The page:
One thing he points out: we can already describe the transformations of energy in all the realm of the six senses by a series of equations that would fit on a tee shirt. Problem is they are disconnected and don’t fit well together and require constants, numbers empirically derived, that we have no theoretical basis for. Lanza and Berman also discuss this in “Biocentrism”. A real gap in physics that these are experimentally derived, often approximated, and not derived from some single number and first principles. A very recent book that goes into that in detail about this is Lewis and Barnes “A Fortunate Universe Life in a Finely Tuned universe.” While I liked their detailed exposition of the situation, I wasn’t as enthralled by the philosophical discussion at the end; too dualistic.

There are gaps that I think will remain in science. One is any ultimate “explanation,” mostly because explanation past a mechanistic story or mathematical description will always be an attempt to take observations and fit them into a more sophisticated story that works on our human scale and perspective. Why should that work? We are primates! Why should the Universe, Truth, be primate friendly, understandable and graspable in its entirety by primate intellectual constructions?

Buddha famously warned against speculative metaphysics. He seems to have said something like: yeah I know a bunch of stuff, and so can you, but don’t get distracted. Take care of your world on fire. There will be understanding, but don’t get greedy, first things first.

Another gap I believe will be a scientific theory of consciousness. Lets say scientists can show exactly the neurologic correlates of consciousness to an exquisite and intellectually satisfying level of detail, way beyond what is known now. That will happen to one degree or another and is happening now in neuroscience. I am not as enthralled with neuroscience as an adjunct to my practice as some seem to be in the Buddhist community. I am currently enjoying “Behave” by a primatologist Robert Sapolsky. But, while I’m not through yet, this is not a metaphysical book, it explores how we function as human primates, as the subtitle says “the biology of humans at our best and worst.” Interesting stuff, so far a great read, but not about consciousness per se, but about our contingent biologic programming. Anyway, even if our scientific understanding of consciousness goes deep, deep, deep into quantum effects on the mind and in neurology  and  complex brain level activity, and grasps the role in our consciousness of inputs from the endocrine system, the immune system and the gut etc., and shows how it all fits together, will that be any different from describing the science of light (energy, electromagnetic waves, photons and quantum field theory) and perception (eyes, optic nerve, brain pathways) to a blind person and expect them to experience the color yellow? Heck, we sighted people with the usual kinds of photoreceptors (i.e. not color blind) don’t have yellow receptors in our eyes, yet we see yellow, as a story, a projection.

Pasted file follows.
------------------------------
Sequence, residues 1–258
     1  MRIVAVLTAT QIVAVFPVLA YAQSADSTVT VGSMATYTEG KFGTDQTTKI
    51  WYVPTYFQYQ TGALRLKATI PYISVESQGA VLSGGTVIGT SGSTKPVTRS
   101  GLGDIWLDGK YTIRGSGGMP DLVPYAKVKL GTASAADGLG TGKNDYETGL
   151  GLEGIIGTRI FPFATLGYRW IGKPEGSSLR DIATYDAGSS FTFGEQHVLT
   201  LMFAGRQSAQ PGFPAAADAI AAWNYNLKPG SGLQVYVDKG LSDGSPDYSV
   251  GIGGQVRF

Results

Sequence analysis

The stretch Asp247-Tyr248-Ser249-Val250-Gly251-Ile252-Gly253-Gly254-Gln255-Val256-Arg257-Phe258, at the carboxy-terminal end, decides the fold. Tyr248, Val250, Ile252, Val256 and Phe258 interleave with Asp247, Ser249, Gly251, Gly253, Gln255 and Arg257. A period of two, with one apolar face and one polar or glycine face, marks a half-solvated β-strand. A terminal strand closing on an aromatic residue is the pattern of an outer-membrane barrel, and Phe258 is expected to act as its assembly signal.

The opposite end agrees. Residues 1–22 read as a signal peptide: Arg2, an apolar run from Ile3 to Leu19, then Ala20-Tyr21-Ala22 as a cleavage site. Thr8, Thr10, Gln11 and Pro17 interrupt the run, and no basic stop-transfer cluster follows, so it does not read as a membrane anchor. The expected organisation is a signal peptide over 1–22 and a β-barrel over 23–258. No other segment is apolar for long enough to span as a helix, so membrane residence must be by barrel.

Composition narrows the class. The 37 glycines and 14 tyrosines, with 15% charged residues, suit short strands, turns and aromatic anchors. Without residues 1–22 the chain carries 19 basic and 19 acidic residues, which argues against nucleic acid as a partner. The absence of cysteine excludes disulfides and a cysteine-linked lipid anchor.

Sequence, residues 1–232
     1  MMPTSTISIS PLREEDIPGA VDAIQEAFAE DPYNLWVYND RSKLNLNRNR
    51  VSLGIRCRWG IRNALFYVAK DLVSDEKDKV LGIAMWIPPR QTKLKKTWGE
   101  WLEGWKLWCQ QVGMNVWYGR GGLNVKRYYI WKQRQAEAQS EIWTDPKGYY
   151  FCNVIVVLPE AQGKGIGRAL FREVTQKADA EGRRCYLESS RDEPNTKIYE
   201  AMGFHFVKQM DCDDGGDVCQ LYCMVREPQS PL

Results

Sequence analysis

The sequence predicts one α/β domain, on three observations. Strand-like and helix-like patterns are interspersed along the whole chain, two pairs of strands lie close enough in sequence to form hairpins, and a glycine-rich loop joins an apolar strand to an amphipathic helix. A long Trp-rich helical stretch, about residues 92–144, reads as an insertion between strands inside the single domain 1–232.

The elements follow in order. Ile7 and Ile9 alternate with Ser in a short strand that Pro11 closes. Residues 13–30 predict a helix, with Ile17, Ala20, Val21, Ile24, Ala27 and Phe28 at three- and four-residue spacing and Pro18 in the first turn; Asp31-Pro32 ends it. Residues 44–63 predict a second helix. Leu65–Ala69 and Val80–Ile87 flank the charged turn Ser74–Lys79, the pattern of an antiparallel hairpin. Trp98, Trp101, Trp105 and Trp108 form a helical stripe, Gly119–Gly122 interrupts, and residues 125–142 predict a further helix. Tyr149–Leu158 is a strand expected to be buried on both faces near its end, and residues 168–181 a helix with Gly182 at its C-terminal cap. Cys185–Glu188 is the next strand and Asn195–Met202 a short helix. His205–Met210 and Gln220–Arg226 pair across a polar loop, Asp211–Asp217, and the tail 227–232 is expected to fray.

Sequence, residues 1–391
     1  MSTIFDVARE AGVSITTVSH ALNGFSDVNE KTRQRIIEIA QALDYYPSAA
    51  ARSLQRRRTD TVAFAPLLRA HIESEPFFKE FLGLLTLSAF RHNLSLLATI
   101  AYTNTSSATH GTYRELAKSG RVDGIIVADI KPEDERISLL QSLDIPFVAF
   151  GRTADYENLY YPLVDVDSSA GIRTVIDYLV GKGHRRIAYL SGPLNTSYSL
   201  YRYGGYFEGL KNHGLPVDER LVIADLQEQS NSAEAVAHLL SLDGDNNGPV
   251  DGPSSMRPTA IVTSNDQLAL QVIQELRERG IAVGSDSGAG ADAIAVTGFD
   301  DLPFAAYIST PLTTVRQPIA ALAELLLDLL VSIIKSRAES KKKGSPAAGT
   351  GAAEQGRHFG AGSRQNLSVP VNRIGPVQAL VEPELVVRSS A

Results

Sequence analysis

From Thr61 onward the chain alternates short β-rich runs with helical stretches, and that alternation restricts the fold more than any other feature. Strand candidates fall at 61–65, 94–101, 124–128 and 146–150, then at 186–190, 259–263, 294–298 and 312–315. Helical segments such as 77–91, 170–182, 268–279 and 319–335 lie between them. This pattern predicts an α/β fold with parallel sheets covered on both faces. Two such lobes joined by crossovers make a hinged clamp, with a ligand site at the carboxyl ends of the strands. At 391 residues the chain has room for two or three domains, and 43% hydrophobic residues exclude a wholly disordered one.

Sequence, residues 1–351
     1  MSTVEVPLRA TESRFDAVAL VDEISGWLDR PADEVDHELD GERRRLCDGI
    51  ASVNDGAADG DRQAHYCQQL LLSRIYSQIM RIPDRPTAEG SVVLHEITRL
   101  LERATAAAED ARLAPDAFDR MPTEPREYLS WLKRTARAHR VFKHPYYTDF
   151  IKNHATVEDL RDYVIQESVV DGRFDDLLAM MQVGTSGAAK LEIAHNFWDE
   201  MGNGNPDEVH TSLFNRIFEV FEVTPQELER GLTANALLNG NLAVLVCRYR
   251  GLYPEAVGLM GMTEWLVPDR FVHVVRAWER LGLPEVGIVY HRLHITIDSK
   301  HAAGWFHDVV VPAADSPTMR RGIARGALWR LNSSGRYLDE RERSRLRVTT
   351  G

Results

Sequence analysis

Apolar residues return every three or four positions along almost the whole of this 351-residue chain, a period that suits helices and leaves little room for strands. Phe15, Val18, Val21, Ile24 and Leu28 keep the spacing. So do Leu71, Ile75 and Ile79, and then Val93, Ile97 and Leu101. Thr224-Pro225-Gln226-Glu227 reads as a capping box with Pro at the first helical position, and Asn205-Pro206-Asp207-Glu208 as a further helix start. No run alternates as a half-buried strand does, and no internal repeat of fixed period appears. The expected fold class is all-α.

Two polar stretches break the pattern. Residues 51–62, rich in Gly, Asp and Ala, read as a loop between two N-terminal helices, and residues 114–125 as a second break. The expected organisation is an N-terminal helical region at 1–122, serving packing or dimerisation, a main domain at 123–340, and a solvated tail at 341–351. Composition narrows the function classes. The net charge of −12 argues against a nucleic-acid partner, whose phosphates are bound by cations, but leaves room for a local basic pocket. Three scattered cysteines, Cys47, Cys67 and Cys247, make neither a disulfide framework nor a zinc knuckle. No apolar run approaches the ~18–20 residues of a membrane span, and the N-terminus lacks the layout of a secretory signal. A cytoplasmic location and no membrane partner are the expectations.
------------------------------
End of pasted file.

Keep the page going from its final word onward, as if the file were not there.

The universe is energy transformations. That changes in, and perhaps defines, our experience of time and space. That is what evolution is and it is of the nature of movement. The question is: what is the basis of these transformations, and whether consciousness, Mind, is fundamental, foundational? The most given of givens. The irreducible.

So, let there be no straw men or spirituality, awe or consciousness of the gaps. We don’t need no stinkin’ gaps or straw men to bolster our practice, to be compassionate, for samadhi, to be.